Pukaskwa National Park is a long ways from anywhere. It’s located on the north shore of Lake Superior 320 kilometres east of Thunder Bay, the closest big city.
I think the best way to experience this park is by hiking the challenging Coastal Trail – either as a day trip from the Visitor’s Centre if you’re short on time but ideally as a five to six day backpacking trip via a boat shuttle. The beaches are beautiful, remote and empty.
The scenery varies daily though you’ll always have long sections of hiking on lichen covered granite. Blueberries are bountiful in fall – and so are the bugs so do this hike in September. Don’t expect to see many people.
Quiet beauty, big skies and solitude is what you find in southern Saskatchewan in Grasslands National Park. There are two blocks to the park with the western block offering more trails.
Do some of the easy front-country hikes to get a real sense of the lonesome breadth of the land and the diversity of the prairie eco-system. You’ll see a lot of wildlife including pronghorn antelope, black-tailed prairie dogs, bison, American badgers and coyotes.
The most popular national park in Canada enthralls visitors from around the world with its majestic mountain peaks, turquoise blue lakes, and wildflower filled meadows and with a little luck, lots of animal sightings.
Although the Banff town-site can get ridiculously busy in summer, you don’t have to go far to find solitude and unspoiled beauty.
I love the hiking and backpacking in the summer and fall, cycling in the shoulder season and all the skiing and snowshoeing come winter. Just remember to reserve campsites and lodging in the summer months to avoid disappointment.
Quieter than Banff National Park but boasting just as many larger than life mountain landscapes, Jasper National Park offers lots of year round adventure opportunities and in my opinion higher chances of seeing wildlife.
The hiking and backpacking trails are world-class. So is the canyoning no one knows about. In winter come for the skiing, skating, dogsledding and even ice climbing in Maligne Canyon.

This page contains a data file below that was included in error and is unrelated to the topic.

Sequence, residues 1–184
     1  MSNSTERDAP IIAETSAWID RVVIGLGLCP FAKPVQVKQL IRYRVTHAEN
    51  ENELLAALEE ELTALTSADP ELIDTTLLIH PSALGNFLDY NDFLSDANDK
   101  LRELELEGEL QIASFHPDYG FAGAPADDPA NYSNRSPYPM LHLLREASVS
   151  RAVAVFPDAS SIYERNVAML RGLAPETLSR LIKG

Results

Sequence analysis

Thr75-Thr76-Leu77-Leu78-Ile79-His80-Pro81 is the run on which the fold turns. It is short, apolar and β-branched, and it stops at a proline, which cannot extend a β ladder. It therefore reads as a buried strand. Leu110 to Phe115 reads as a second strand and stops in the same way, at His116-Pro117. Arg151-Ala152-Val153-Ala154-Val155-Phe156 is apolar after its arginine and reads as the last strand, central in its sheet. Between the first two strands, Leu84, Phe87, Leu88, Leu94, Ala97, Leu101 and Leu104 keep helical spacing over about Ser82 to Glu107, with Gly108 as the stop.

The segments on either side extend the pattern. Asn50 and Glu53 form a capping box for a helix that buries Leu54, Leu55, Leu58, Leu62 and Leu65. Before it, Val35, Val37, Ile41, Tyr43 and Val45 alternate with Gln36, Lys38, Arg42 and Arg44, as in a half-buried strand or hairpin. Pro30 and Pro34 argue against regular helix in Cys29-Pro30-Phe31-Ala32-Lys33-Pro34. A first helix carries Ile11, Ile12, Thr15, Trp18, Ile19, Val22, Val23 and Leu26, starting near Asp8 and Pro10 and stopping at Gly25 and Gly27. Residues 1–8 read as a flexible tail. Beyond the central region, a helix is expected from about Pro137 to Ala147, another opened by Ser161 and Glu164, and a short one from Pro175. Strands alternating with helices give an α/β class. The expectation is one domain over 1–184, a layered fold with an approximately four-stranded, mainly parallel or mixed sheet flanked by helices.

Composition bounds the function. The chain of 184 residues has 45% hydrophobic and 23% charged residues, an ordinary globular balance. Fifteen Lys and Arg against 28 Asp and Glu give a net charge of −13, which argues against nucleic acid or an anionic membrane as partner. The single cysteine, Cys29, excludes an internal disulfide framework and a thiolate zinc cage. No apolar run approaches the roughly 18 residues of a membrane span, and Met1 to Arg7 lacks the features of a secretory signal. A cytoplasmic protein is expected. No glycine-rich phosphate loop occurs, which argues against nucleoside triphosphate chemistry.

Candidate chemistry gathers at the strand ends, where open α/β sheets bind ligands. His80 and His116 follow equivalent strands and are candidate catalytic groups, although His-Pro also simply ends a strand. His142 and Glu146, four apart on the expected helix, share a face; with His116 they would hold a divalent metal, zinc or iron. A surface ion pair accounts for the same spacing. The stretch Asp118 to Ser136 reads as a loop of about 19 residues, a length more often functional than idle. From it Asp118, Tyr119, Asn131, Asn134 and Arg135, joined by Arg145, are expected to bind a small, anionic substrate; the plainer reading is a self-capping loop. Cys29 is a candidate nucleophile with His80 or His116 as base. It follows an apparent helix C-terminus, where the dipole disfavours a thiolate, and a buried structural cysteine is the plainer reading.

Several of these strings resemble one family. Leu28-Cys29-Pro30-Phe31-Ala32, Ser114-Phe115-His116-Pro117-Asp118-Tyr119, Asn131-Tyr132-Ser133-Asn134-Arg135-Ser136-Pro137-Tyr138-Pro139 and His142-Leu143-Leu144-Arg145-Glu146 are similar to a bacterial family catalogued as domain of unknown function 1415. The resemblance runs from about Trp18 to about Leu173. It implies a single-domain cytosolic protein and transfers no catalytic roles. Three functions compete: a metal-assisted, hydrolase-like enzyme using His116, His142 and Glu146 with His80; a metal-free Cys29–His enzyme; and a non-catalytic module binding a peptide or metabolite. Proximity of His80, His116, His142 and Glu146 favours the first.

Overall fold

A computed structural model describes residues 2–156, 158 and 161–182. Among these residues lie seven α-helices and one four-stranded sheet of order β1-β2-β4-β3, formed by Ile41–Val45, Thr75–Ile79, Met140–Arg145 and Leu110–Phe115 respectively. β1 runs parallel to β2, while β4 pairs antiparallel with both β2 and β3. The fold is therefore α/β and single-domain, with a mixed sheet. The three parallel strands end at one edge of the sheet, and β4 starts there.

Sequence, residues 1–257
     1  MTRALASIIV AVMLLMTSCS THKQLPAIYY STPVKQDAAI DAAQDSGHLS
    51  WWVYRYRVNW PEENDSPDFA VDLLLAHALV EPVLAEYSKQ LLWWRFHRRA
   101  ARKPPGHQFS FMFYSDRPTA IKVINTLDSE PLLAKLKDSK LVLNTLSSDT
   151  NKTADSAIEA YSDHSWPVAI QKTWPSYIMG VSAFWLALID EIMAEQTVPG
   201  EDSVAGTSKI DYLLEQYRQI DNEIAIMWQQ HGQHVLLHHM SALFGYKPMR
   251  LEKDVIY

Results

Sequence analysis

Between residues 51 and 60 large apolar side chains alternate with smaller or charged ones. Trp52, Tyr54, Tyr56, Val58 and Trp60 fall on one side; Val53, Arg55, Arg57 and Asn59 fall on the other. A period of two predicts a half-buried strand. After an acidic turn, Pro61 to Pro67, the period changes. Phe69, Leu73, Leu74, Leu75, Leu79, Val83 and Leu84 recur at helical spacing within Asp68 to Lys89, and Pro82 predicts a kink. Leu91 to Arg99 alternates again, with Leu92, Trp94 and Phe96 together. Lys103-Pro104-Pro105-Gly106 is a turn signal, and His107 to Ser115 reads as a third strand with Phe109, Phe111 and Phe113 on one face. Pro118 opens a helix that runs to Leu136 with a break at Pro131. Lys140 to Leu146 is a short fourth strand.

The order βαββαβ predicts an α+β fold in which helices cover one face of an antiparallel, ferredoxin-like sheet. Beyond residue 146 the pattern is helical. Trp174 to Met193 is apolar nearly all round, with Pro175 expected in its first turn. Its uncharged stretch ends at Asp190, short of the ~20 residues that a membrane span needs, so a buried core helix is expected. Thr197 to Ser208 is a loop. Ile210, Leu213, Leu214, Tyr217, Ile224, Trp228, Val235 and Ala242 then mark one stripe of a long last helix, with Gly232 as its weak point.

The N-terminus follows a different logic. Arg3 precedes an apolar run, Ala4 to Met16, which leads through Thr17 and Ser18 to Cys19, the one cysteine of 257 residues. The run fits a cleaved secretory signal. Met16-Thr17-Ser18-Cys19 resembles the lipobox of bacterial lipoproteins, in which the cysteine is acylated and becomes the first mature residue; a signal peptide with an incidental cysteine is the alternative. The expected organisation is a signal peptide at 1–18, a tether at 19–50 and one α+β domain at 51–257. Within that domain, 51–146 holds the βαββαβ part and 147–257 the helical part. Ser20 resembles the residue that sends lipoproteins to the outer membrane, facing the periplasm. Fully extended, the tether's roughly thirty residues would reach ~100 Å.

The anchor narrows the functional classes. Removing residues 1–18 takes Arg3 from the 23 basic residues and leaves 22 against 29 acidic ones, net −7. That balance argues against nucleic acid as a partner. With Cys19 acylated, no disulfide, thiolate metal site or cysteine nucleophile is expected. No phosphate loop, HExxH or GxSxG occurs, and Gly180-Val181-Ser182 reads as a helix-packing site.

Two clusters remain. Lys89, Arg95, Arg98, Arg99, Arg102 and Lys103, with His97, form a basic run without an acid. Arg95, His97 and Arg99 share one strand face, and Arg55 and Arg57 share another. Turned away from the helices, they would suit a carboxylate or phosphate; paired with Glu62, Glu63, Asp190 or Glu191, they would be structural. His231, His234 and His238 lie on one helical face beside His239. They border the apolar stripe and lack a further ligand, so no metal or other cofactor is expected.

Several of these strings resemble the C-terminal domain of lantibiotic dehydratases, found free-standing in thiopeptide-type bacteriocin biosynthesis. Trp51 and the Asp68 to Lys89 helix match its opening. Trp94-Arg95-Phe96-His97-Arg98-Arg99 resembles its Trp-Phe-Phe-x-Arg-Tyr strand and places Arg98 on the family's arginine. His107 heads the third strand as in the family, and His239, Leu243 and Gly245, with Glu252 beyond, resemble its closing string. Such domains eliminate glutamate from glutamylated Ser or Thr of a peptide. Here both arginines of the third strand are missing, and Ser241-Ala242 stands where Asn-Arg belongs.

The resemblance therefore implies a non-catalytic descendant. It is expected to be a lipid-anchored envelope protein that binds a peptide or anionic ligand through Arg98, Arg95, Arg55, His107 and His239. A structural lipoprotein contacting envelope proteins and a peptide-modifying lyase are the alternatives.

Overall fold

One of my all-time favourite backpacking trips is the Skyline Trail where you enjoy vistas above treeline for almost 30 kilometres. Really, you should combine Banff, Jasper and Yoho National Parks in a single trip!
Yoho National Park
Yoho National Park isn’t very big but it packs a punch when it comes to mountain scenery. Whether it’s the Iceline Trail with its fabulous Takkakaw Falls views, the grand scenery around Emerald Lake or the Lake O’Hara region with some of the most beautiful mountain scenery in Canada, this little park just outside of Banff National Park is most certainly worth a visit.
The Lake O’Hara area requires pre-planning as access is primarily via a bus ride and it fills quickly months in advance. You’ll remember the beauty of this area for the rest of your life.
Gwaii Haanas National Park Reserve – one of the hard to get to national parks in Canada
You’ll either have to fly into Sandspit or take a ferry from Prince Rupert to access Haida Gwaii – and then you’ll need to boat down to Gwaii Haanas.
It’s wild, rugged country with a temper, that’s tamed in the summer. This is a land the Haida people have lived in for more than twelve thousand years. With its dense rainforests, gorgeous sand beaches and incomparable marine life, visitors are in for a treat. The kayaking here is phenomenal.